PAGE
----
An interdisciplinary team of respected scholars came together to make this project successful, some hired on as consultants while others were representative of their partner organizations and offered their services “in-kind.”
Dr. Bernie Francis (Hon. Doctorate) was the linguistic expert consultant for the project. Dr. Francis, along with linguist Doug Smith, rewrote the Mi’kmaw orthography (spelling system) in the 1970s to better reflect the spoken language. This orthography has been adopted by the Mi’kmaq-Nova Scotia-Tripartite Forum as the official spelling system for Nova Scotia and used in this website and digital atlas. Dr. Francis spent hours with our youth researchers and Dr. Sable reviewing old dictionaries of place names compiled by early missionaries and historians, listening to interviews of Mi’kmaw Elders, and carefully transliterating and translating them into the names seen on the web site maps and digital atlas. He is the co-author with Dr. Sable of “The Language of this Land, Mi’kma’ki” (CBU Press 2012), and “Mi’kmaw Grammar” with Dr. John Hewson (CBU Press 2015)
Dr. Trudy Sable, Director of the Office of Aboriginal and Northern Research, Gorsebrook Research Institute, SMU, wrote the initial feasibility study for the development of the digital atlas and website and was the Principal Investigator on the two Social Sciences and Humanities Research Council of Canada (SSHRC) grants that provided the majority of funding for the development of the web site and digital atlas, along with other supplemental grants, e.g., the Tripartite Forum Project Fund and student grants. She also was the project director and, with over twenty-five years of research and program development with and for the Mi’kmaw Nation, contributed her knowledge and resources to the development of the website and atlas, and as co-researcher on the Cultural Landscapes research with Roger Lewis. She also worked together with team members in training, specifically in conducting map-interviews and research skills, as well as supervising the interns and youth researchers. Her work illustrating how legends acted as oral maps is included in this web site. She and Bernie Francis also co-authored the book “The Language of this Land, Mi’kma’ki”, which was a finalist for the Atlantic Book Award, Best Scholarly Writing category.
Roger J. Lewis is the Curator of Ethnology with the Nova Scotia Museum. He received his B.A. (anthropology) from Saint Mary’s University, Halifax, Nova Scotia and M.A. from Memorial University of Newfoundland specializing in pre-contact Mi’kmaw land and resource use. An archaeologist originally from the Indianbrook First Nations Community, he has comprehensive knowledge of Mi’kmaw archaeological sites, with extensive research on various eel weir architecture, function and distribution. His research has also focused on the forty four primary rivers in Nova Scotia that acted as travel routes and central focal points for Mi’kmaw settlement patterns throughout Nova Scotia to the present day. Because the Mi’kmaw language is descriptive in nature, Mr. Lewis has utilized Mi’kmaw place-names as a vital research aid in understanding significant activity sites or ‘critical land and resource use’ locations. Mr. Lewis is currently completing a Ph.D. in Anthropology at Dalhousie University. He recently co-authored a chapter with Dr. Sable entitled Mi’kma’ki Telo’ltipni’k L’nuk Mi’kma’kik – How the Mi’kmaq Live in Mi’kma’kik. He has been engaged in Mi’kmaw place names research and will continue to participate on the research team and as an adviser supporting the development of the web site. The P’jilasi Mi’kma’ki: Mi’kmaw Place Names Digital Atlas and Website will be a major contribution towards informing Mi’kmaw students and other Canadians about Mi’kma’ki through the concepts of place names and cultural landscape. He also works closely with Mi’kmaw communities to record, compile and map invaluable ethnographic information and cultural stories.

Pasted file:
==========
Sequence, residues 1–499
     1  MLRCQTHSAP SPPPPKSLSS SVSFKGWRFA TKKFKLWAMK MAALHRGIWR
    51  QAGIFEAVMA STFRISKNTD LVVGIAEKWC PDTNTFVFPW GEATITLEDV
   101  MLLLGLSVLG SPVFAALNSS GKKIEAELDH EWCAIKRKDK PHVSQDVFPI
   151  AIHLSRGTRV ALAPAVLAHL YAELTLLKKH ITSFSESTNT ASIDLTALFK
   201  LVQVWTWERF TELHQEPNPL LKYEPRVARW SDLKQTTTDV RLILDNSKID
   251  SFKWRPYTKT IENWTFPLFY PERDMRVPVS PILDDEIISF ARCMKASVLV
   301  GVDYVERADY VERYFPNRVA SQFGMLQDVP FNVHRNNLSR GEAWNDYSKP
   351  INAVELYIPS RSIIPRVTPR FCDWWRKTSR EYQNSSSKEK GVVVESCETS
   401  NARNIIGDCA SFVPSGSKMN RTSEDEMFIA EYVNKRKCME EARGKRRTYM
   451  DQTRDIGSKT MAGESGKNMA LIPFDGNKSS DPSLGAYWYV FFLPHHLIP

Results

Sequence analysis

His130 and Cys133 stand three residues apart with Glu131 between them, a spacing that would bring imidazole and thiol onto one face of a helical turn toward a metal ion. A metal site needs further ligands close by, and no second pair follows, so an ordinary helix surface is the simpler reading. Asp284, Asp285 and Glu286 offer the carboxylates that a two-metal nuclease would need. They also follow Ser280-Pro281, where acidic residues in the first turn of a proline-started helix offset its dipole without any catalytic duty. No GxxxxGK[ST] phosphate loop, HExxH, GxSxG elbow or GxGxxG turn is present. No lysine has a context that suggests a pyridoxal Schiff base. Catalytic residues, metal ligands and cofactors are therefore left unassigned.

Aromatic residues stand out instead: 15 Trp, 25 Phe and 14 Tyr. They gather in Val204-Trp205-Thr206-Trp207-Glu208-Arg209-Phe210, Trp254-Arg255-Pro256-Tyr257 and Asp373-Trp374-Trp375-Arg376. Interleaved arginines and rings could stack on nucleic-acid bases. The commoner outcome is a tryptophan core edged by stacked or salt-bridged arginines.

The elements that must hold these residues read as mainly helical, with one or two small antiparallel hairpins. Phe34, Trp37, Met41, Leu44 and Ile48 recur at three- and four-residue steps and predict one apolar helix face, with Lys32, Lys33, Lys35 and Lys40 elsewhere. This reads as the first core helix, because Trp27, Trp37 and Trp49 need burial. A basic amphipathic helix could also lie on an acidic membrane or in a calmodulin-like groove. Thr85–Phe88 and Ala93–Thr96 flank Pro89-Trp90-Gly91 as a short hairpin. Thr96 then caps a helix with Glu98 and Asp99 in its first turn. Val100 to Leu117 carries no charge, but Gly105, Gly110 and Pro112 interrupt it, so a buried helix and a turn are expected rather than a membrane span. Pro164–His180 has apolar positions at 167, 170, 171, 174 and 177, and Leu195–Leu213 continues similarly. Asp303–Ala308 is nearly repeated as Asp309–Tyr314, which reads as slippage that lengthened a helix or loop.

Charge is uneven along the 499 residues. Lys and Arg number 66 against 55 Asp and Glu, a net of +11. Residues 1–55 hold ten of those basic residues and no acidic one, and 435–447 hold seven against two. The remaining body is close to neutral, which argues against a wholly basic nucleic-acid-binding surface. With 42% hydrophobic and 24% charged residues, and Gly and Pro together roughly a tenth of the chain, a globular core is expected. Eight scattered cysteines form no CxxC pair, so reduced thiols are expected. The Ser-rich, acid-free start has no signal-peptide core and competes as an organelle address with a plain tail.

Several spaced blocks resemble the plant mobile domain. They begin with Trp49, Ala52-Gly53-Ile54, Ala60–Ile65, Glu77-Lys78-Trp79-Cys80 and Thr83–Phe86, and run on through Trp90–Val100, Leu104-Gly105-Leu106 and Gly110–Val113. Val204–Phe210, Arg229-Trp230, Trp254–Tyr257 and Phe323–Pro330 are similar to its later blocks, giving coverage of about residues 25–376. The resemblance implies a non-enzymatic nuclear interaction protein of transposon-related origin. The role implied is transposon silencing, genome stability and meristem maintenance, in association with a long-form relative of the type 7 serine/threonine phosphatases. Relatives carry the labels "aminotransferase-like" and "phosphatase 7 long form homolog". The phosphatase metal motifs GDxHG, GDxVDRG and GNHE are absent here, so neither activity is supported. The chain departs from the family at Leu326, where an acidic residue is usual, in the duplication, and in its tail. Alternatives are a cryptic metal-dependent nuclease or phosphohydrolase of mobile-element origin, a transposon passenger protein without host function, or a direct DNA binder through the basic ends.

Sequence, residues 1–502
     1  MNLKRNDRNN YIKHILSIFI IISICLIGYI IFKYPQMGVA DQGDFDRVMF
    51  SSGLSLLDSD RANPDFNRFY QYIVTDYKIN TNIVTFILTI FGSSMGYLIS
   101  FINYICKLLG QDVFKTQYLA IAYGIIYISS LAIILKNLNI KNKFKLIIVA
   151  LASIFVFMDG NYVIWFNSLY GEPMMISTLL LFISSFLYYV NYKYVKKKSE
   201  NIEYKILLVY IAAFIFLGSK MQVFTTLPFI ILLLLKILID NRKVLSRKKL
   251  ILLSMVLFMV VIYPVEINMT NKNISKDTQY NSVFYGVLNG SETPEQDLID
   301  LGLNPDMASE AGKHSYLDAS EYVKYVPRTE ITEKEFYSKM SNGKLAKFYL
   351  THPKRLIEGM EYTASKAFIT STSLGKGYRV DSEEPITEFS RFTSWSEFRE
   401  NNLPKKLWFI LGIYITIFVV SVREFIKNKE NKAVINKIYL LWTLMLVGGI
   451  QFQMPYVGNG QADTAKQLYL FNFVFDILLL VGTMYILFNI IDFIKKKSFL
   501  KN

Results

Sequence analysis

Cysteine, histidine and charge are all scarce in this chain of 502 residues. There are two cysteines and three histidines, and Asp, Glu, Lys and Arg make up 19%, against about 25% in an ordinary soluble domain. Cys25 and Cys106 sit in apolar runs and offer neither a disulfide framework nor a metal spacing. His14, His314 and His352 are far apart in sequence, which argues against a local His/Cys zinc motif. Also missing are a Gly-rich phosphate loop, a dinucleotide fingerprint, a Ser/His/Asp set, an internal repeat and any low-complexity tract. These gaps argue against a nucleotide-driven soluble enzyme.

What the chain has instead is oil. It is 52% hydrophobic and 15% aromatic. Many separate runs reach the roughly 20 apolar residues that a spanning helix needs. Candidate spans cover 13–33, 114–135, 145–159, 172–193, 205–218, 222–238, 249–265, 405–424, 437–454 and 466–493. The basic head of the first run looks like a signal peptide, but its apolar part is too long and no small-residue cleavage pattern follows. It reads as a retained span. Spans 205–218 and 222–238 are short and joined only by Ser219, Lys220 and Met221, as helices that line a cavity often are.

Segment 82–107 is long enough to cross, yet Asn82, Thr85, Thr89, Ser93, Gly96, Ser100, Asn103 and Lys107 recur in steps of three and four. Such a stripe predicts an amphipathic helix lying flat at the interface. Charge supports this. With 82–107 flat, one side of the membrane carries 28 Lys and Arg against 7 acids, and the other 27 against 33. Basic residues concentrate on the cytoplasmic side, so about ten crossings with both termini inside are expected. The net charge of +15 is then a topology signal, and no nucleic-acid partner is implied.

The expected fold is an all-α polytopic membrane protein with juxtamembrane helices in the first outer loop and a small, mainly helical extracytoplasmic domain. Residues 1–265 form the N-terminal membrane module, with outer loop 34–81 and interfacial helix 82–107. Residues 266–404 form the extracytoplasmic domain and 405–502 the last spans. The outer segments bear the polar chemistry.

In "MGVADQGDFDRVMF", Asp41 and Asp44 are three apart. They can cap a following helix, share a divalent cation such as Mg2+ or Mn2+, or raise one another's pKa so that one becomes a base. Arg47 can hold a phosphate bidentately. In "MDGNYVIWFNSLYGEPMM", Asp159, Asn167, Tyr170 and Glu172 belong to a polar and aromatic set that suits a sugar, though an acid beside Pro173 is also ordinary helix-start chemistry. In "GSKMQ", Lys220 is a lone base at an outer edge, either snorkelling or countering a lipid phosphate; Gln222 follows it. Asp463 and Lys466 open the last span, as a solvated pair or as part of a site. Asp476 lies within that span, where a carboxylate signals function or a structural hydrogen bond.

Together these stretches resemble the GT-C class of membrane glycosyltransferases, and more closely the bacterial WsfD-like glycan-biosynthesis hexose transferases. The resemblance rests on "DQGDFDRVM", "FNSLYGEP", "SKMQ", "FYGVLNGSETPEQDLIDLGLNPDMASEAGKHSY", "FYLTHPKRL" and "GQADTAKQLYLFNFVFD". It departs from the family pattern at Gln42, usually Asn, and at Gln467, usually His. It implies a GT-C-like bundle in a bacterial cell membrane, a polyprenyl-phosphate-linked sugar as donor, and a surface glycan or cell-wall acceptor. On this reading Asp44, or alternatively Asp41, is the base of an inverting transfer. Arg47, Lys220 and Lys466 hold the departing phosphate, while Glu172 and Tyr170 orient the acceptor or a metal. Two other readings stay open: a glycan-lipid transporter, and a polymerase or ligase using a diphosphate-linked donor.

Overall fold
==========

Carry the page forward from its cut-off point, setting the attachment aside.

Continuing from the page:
Tim Bernard is well known beyond his own community of the Millbrook First Nation as the Manager/Editor of the Mi’kmaq Maliseet Nations News and Eastern Woodland Print Communications. Tim has been the driving force behind the development and success of these important First Nation companies. He now brings his love of Mi’kmaw history and culture and his management expertise to the The Confederacy of Mainland Mi’kmaq as the Director of History and Culture. As a member of the Millbrook Mi’kmaw Community, Tim was born and raised just outside Truro, NS. After attending the local school system from primary to grade 12, Tim knows first-hand how little Mi’kmaw history and culture is part of the school system. After graduating from high school and attending Saint Mary’s University for a short period, it was his judgment that the best place to learn Mi’kmaw history and culture was from within his own community. To meet these ends, he became Assistant Research Director from 1988-1994, where he gained extensive historical knowledge under the direction of Dr. Donald Julien. It was during this time that across Mi’kma’ki, new efforts were emerging to piece together a poorly documented past and to gain a true appreciation for the experiences that his ancestors that have ensured his survival today. The most significant career research for Tim are those efforts that allow for the next generation to know who they are. He thinks of his work as simply filling the gaps between the generations. The gaps were created for various reasons—residential school, lost teachers, disease and illness, economic hardship—and they are filled from various knowledges. In his own words, Tim says that he “puts things out there that our people can latch on to—whether they read it, write or live it to remind them that we are different and have a very special history. People wanted us to be somebody else, but we can only be who we are. We come from a different back ground, we come from a different culture.